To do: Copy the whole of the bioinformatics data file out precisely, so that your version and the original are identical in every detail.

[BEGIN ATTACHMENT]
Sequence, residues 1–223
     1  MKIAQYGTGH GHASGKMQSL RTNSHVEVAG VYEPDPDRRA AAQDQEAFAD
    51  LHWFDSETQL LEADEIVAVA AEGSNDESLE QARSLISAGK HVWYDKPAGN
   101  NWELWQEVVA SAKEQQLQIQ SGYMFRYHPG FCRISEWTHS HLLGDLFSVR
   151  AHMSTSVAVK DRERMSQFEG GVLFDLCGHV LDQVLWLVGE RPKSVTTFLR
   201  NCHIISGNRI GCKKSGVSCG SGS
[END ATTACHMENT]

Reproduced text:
Sequence, residues 1–223
     1  MKIAQYGTGH GHASGKMQSL RTNSHVEVAG VYEPDPDRRA AAQDQEAFAD
    51  LHWFDSETQL LEADEIVAVA AEGSNDESLE QARSLISAGK HVWYDKPAGN
   101  NWELWQEVVA SAKEQQLQIQ SGYMFRYHPG FCRISEWTHS HLLGDLFSVR
   151  AHMSTSVAVK DRERMSQFEG GVLFDLCGHV LDQVLWLVGE RPKSVTTFLR
   201  NCHIISGNRI GCKKSGVSCG SGS